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Counterfeiting... which is the internal link into pharma law suits, and people die from counterfeit drugs.

 

Ok, but doesn't counterfeiting result from diversion or is there a different internal link?

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Guest svfrey

lol

i might be kinda nice if either brian or karlson were actually on this site.....

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Ok, but doesn't counterfeiting result from diversion or is there a different internal link?

 

Um, I guess it's probably easier to counterfeit drugs if all the real ones are being diverted. But I think in reality, they're isolated situations

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Um, I guess it's probably easier to counterfeit drugs if all the real ones are being diverted. But I think in reality, they're isolated situations

 

i dont think so

its very rare that internal links are from the same author because usually one thing doesnt lead to another but in this case most of the internal links are solid

ok so basically what happens is X box of medicine is going someplace. diverters steal X and take the meds inside and either replace them with already made counterfeit drugs, or they simply diffuse the medicinal contents with non-medicinal contents. the excess boxes produced get sold to other pharmaceuticals

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i dont think so

its very rare that internal links are from the same author because usually one thing doesnt lead to another but in this case most of the internal links are solid

ok so basically what happens is X box of medicine is going someplace. diverters steal X and take the meds inside and either replace them with already made counterfeit drugs, or they simply diffuse the medicinal contents with non-medicinal contents. the excess boxes produced get sold to other pharmaceuticals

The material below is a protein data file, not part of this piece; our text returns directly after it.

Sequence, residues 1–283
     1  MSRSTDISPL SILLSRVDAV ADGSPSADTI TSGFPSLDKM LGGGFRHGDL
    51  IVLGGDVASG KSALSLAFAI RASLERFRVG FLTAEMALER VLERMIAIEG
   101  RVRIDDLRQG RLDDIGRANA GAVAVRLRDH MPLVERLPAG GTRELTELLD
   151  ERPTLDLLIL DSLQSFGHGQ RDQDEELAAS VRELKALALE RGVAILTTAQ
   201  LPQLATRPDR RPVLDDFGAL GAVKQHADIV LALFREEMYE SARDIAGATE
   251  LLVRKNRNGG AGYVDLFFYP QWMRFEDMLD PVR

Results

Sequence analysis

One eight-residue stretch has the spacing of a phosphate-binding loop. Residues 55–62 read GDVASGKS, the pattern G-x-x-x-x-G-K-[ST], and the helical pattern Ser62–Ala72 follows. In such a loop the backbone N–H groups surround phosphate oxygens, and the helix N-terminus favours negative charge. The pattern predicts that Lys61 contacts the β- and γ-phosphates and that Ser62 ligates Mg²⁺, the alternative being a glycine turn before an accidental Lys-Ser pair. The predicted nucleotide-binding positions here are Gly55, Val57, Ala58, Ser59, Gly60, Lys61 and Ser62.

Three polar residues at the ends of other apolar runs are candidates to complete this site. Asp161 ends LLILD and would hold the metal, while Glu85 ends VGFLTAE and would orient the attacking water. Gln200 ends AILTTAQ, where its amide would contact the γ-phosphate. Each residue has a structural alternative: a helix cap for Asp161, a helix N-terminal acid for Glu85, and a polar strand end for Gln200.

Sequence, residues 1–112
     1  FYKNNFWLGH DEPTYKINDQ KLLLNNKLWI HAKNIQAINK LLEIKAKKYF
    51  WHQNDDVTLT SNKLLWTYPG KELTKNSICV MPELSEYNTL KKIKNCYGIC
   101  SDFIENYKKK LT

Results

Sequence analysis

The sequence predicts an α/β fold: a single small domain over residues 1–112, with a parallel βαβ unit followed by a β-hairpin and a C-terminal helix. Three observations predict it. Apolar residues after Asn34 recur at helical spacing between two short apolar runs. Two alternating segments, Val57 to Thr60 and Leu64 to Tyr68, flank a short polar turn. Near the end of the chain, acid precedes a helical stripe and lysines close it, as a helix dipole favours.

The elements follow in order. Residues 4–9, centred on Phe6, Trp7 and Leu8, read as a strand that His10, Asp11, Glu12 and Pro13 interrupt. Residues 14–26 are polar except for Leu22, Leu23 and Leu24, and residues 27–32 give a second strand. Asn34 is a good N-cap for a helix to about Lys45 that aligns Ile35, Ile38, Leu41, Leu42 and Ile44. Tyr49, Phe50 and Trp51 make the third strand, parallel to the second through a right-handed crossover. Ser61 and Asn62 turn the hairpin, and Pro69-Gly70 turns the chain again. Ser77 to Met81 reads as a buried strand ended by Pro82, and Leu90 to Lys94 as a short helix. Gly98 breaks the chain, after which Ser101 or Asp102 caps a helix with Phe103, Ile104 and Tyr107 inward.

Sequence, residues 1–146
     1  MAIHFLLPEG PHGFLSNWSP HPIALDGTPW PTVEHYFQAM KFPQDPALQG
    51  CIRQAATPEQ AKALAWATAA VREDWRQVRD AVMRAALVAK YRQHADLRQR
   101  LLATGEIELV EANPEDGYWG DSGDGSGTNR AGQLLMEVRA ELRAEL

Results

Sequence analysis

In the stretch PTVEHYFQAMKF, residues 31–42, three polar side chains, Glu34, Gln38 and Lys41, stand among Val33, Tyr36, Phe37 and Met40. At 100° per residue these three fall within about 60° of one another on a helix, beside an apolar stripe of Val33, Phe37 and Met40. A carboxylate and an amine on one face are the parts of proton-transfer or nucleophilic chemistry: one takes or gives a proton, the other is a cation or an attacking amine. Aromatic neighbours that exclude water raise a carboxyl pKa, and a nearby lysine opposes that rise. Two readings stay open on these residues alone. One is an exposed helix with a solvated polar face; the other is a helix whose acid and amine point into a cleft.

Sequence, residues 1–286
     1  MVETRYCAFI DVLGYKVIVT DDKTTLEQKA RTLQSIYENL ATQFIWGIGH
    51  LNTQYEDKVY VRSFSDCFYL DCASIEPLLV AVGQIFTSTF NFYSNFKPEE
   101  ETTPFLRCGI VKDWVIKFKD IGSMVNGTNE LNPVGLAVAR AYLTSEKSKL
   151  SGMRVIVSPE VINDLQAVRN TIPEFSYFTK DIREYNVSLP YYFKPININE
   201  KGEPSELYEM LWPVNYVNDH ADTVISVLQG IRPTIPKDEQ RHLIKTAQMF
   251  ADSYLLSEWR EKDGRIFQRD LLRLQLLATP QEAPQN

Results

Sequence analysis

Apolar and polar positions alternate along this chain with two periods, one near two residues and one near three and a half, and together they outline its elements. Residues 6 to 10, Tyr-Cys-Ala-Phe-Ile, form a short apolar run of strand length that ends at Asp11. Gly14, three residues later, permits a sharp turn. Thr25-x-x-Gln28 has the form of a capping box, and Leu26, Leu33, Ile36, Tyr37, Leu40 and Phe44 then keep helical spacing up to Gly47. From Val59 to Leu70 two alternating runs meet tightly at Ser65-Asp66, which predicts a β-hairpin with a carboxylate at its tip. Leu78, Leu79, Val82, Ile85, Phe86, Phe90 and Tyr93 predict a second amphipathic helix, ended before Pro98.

why would you put counterfeit drugs in medicine that you're diverting, i.e. reselling at a higher cost to places like Europe?

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the ev i have read on the case seems to indicate diversion more than counterfeiting. i think jason is correct in his characterization that counterfeiting is more isolated, because it seems to me that the major problem is companies get confused on where the drugs r supposed to go, and just ship them back to europe.

 

So maybe there are some instances with counterfeiting, but im betting that its far more rare than the diversion.

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why would you put counterfeit drugs in medicine that you're diverting, i.e. reselling at a higher cost to places like Europe?

 

because by putting in counterfeit drugs, it multiplies their original supply, for example if they steal one box, instead of simply reselling that one box, they dilute the medicine with other substances and then have, lets say for the purpose of conversation, 3 boxes to sell at cheaper prices

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The biggest problem I have with this case is that most of the 1ac is power tagged. If you do the research you will find that the law referenced in the first card, the FDA Revitalization Act, doesn't prevent drug companies from using RFID and government officials have said the act actually encourages their use. Another problem is that the Mercurio ‘6 is actually talking about parallel importation. This is the practice of a country importing a product for a cheap price and then exporting it to a second country at a higher price. The law review the card comes from says this is a legal practice; RFIDs will do nothing to solve this. When it comes to counterfeit drugs, the RFIDs at best will go in the bottle not on the drug. The best counterfeiters already use real packaging that used/stolen/discarded and therefore would contain an RFID with an ePedigree.

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Guest svfrey

heyy, will.

just the 2AC we were looking for

we've been trying to understand your's/midget's RFID aff

but we seem to have some differences of opinion.

the original question of "can someone please explain this aff" has morphed into a multi-faceted quandary that i'm not even sure of anymore...

i guess we're looking for a basic explanation of this aff, specifically whether it centers around diversion or counterfeiting